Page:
Nowadays, there's a dating app or website for every specific interest you can think of, from the kinkiest to the most vanilla. A lot of these are niche sites, used only by a specific, targeted group of people, but there are also the in-betweeners.
Apps that target basically everyone looking to date or hookup. These are the apps that I'm going to be comparing today (because if I went into detail about niche sites, this post would never end). Now, on to our first contender!
This was the first app I thought to turn to when I wanted to start dating - and with good reason. Tinder is everywhere. A week ago I would have said it was the most superficial of the dating apps I've used, due to the extremely limited bio length and the fact that we all too often swipe based entirely on the first picture, but I now know that it's come to a tie with another app on this list.
Pros: If you're looking for a hook up, this should be your go to! The majority of guys on Tinder are looking for hookups (or at least open to them), and quite a few have no qualms about making that clear. There are obviously exceptions - one of my best friends was looking for basically anything but hookups on Tinder, and now she's dating a guy that she met on there.
Another plus is that I don't notice that many bots or fake profiles on Tinder. I'm not sure if this is just my experience as a female in a non-metropolitan area, but I've only come across maybe two profiles that seemed obviously fake.
Cons: Lack of responses. Some of my most clever messages have been left without their deserved response - and I've done the same thing to other people. Unless you're really picky with your swipes, you're likely to end up with more matches than you can manage talking to (as a female, at least. I can't speak for guys). So that one guy who had that fishing picture on his profile, but a witty joke in his bio that made me think 'might as well swipe right'... well, I have better people to talk to.
I use OkCupid somewhat casually. I have the app and answer messages when I get one from someone interesting (and I actually have an ongoing conversation with one girl from Nebraska - nowhere near where I live, but it's nice to chat with her). I've even met up with someone from OkCupid, but I just use Tinder a lot more.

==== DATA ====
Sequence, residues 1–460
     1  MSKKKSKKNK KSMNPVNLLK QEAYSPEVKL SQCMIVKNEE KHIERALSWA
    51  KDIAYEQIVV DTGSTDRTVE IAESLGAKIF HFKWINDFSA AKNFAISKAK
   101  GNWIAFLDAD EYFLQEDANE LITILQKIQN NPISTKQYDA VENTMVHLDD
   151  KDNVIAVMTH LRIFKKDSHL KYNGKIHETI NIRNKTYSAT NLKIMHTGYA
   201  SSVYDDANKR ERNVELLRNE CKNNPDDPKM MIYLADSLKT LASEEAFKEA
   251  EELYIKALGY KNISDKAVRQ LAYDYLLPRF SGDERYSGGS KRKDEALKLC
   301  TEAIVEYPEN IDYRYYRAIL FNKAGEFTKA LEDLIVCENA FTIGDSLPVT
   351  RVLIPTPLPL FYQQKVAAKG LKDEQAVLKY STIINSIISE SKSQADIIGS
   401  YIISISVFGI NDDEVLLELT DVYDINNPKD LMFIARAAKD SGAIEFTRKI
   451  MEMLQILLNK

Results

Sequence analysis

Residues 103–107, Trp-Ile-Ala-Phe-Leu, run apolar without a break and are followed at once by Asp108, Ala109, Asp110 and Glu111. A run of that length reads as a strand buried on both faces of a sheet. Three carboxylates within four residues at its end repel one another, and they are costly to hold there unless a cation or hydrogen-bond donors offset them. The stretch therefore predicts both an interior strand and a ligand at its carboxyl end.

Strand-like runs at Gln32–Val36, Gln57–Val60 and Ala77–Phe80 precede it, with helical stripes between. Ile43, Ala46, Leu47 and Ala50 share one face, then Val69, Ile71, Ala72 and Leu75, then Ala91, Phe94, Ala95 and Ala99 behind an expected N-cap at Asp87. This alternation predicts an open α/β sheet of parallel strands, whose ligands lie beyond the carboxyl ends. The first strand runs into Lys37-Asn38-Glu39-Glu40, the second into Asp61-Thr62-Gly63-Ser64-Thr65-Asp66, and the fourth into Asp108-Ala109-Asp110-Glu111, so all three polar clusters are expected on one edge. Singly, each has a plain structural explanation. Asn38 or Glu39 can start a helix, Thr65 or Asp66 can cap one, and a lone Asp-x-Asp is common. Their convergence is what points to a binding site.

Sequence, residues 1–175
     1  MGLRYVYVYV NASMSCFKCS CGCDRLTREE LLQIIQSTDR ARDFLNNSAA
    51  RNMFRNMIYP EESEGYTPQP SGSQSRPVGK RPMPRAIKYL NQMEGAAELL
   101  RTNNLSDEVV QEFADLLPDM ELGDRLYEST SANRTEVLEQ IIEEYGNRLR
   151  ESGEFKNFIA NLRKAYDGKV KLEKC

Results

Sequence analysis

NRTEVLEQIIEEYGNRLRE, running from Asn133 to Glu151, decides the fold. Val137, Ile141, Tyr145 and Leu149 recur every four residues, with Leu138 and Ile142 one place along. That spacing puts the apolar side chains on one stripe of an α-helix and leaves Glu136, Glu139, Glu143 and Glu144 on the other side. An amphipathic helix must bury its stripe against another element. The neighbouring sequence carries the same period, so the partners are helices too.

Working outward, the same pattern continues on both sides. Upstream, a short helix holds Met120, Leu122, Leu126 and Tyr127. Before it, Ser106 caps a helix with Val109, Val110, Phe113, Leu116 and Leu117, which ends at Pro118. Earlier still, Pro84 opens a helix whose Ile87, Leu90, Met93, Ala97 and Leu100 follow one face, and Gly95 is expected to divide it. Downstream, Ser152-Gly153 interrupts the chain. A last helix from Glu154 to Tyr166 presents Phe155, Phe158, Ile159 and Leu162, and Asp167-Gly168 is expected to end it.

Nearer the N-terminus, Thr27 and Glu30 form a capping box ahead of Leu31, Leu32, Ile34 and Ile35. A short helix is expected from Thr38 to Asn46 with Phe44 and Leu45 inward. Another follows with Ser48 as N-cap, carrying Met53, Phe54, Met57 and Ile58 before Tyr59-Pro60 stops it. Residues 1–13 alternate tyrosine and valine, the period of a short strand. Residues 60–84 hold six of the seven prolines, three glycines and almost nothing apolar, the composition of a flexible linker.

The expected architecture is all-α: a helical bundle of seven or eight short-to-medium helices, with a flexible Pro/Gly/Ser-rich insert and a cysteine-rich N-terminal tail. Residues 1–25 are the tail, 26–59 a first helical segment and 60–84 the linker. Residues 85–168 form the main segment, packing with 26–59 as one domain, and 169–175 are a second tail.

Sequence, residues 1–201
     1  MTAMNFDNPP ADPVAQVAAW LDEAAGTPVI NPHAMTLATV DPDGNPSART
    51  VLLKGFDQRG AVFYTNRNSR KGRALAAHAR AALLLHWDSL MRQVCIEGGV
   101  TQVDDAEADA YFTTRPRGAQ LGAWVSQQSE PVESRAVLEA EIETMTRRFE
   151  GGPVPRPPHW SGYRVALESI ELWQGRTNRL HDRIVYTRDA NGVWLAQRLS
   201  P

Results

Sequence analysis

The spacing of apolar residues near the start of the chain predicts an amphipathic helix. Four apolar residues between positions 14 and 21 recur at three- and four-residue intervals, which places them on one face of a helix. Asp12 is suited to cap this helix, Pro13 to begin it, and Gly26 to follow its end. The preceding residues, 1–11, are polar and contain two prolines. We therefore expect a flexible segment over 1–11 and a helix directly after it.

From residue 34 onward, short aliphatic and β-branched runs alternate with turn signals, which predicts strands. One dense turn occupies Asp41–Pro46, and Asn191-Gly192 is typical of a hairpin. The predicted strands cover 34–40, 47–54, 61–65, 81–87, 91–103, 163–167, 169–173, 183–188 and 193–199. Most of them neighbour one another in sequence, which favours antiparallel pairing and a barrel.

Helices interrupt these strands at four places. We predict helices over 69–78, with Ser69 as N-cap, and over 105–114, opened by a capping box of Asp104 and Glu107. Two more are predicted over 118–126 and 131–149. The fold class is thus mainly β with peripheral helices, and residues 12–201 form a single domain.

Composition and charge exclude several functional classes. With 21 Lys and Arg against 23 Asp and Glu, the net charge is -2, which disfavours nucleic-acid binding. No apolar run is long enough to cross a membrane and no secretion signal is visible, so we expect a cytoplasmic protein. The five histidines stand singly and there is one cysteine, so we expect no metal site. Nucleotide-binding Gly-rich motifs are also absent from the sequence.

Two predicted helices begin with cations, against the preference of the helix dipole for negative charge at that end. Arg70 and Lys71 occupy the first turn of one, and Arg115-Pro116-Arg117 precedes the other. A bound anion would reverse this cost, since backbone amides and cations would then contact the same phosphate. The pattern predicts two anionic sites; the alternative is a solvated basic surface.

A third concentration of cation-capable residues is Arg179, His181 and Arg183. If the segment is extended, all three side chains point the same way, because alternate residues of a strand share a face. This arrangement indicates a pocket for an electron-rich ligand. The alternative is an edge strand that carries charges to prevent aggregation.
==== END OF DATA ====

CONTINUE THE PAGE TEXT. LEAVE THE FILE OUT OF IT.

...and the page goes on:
This is because I've found that Tinder is easier to use for hookups or casual things (what I'm looking for), while OkCupid lends itself more to finding longer-lasting connections for the following reasons.
Pros: What I love about this app is that you have a ton of opportunity to tell people about you before you even start a conversation. It has an extensive bio section with questions that you can answer to give people info about what you like and who you are, and in addition to that, there are the match questions!
I personally find that the 'match percentages' that they give you are absolute bullshit, but the good thing about this feature is that you can go in and look at potential conversation partners' actual answers to the questions.
This can give you a lot of insight. I've rejected people on the basis of their answers alone. The match questions can get rather deep into different topics, and in my opinion opposite answers on some of the questions can reveal a fundamentally different worldview.
Once you answer a few match questions on OkCupid, you'll probably figure out what I mean.
Another big pro is that OkCupid tries to be inclusive of all sexualities and gender identities, and you can pick up to five of their sexuality options (which include asexual, questioning, and sapiosexual, among others) and up to five of their gender options (including androgynous, two spirit, genderfluid, and many more).
Tinder is kind of lacking in this regard. I don't think there's an option to alter your gender from what's on your Facebook profile, or to let people know your sexuality aside from explicitly stating it in your bio. And even if there is, I don't know where that option is, so they're failing somewhere.
Cons: I've found that there are quite a few fake profiles on OkCupid, either bots or scammers. A lot of the people who send me messages disable their accounts within a week - so many that it's not plausible that all of them just got sick of OkCupid.
I have fun with it though. There was one guy who messaged me three times, on three different accounts all with the same pictures a couple of weeks apart. He looked like a Jonas brother, and I told him the first time - and then just continued telling him whenever he messaged me.